Meet our Grant Recipients
Thesis Projects - Harnoor Singh
by Alia Knight '12
For an individual with Chronic Fatigue Syndrome (CFS), or myalgic encephalomyelitis, every day is a struggle against exhaustion and pain. Little seems to help; no medication exists to fight off the fatigue; and physical exercise can leave one debilitated for days. The cause is unclear.
Harnoor Singh '07 is a master's candidate in exercise physiology with a passion for clinical research. He sought a Pacific Fund grant to research CFS.
CFS is not very common and often goes undiagnosed. Fatigue is a symptom of many other illnesses, and symptoms vary from patient to patient. Symptoms include muscle and joint pain, cognitive difficulties and chronic exhaustion in an otherwise healthy person.
One of the strategies used in diagnosis is a cardiopulmonary exercise test, or stress test. This test is commonly used to assess cardiac fitness, and it has proven valuable in diagnosing CFS. Results can be complicated to evaluate, however, as there are different variables that affect the outcome. When Singh learned about CFS and the difficulty in pinpointing a diagnosis, he resolved to search for a more effective method for diagnosis.
Singh proposed a scoring system in conjunction with the stress test to describe physiological function and working capacity. Singh used his grant to recruit participants for a variety of tests, including the exercise stress tests. Test results were compared over two days of testing, providing more reliable data. Professors Mark VanNess, Chris Snell, Peg Ciccolella and Staci Stevens provided invaluable assistance.
Singh used a bicycle ergometer for the test to provide a description of health and disability. "Previously, only those with training in cardiology or exercise physiology would be able to completely understand the results," said Singh. Singh's system can be interpreted by anyone in the healthcare profession. He hopes his method, called the Singh Score, will simplify interpretation of stress test results to make it easier to diagnose CFS.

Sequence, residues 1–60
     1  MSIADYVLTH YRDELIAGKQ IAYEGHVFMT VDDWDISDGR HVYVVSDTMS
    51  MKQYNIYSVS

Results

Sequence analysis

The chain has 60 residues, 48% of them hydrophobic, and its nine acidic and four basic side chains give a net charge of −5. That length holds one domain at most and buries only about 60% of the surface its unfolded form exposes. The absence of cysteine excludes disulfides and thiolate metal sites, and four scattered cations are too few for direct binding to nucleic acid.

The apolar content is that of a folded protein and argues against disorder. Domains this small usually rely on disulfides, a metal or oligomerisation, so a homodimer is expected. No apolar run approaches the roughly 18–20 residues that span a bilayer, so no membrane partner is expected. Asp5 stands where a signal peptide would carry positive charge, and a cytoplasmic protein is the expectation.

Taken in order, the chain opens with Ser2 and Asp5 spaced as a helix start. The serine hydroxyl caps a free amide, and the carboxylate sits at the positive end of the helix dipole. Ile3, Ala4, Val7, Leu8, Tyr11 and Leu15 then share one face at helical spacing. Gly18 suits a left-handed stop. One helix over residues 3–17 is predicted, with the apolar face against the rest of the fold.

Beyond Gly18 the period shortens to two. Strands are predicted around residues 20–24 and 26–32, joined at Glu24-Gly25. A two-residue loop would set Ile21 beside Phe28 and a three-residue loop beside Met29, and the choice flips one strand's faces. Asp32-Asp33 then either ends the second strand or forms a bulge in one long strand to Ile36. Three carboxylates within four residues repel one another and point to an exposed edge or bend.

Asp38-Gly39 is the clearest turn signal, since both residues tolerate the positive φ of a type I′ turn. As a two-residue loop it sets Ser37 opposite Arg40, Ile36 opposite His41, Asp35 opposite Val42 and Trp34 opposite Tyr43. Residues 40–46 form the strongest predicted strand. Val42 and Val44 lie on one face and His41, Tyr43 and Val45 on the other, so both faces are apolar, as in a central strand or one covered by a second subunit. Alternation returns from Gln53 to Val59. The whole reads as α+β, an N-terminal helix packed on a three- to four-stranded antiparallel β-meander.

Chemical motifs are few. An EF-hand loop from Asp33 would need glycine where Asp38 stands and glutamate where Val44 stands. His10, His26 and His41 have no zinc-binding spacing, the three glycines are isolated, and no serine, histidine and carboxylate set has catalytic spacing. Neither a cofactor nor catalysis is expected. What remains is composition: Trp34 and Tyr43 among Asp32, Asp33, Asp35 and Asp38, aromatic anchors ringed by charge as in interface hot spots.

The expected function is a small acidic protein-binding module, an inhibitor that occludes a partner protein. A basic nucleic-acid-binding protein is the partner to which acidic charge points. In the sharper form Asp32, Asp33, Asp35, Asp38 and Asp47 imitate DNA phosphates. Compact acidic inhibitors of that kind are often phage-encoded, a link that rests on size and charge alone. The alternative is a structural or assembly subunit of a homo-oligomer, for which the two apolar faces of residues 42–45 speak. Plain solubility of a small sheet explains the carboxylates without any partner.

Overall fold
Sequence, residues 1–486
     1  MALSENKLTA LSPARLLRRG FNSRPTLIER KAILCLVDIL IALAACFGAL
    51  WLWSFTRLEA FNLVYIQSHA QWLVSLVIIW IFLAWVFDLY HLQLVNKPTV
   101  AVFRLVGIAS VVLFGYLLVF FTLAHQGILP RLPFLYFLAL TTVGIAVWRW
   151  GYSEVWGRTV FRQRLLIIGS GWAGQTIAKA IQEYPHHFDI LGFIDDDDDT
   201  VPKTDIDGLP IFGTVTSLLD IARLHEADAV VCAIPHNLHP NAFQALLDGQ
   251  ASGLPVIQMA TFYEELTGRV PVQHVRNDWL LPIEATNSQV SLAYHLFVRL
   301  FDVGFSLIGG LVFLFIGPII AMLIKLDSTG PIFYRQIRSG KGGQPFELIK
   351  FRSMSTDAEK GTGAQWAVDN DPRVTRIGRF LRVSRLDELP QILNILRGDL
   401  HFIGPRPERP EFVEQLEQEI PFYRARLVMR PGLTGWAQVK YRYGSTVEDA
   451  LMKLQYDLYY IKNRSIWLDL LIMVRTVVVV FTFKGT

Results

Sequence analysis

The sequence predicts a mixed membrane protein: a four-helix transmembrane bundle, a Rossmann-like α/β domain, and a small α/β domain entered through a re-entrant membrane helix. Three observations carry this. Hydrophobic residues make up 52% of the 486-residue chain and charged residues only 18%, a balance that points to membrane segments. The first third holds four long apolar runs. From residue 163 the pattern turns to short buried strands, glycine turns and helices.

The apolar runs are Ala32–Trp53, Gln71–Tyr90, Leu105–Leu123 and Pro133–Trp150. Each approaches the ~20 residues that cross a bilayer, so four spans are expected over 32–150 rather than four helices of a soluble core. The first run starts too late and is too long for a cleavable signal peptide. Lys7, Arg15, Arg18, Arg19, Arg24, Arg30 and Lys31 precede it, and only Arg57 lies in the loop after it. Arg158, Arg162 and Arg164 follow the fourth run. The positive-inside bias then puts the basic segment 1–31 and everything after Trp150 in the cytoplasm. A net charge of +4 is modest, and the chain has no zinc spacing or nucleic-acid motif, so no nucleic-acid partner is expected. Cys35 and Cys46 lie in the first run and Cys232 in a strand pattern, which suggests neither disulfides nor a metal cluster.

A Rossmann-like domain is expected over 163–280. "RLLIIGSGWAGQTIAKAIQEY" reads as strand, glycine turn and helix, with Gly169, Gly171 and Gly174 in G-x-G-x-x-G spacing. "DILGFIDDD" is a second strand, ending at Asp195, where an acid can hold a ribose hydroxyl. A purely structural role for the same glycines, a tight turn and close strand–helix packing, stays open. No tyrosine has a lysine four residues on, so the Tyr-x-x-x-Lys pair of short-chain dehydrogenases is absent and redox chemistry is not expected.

The grant also made it possible for Singh to present his findings at the Annual Meeting for the International Association for Chronic Fatigue/Myalgic Encephalomyelitis, where he was named Student Researcher of the Year. Scientists and other researchers were impressed by the ingenuity of the Singh Score and its applied clinical relevance. He also presented at the annual meeting for the American College of Sports Medicine (ACSM) conference in Seattle and is preparing a thesis detailing his research to present at the Southwest ACSM chapter meeting.
Singh says his project has helped him realize that everyone has the ability to affect the lives of others.
Watch Harnoor Singh and other members of the Pacific Fatigue Lab in Washington D.C. support the importance of the breakthrough XMRV retroviral research and its implications for CFS at the October 29 -30 Chronic Fatigue Syndrome Advisory Committee meeting.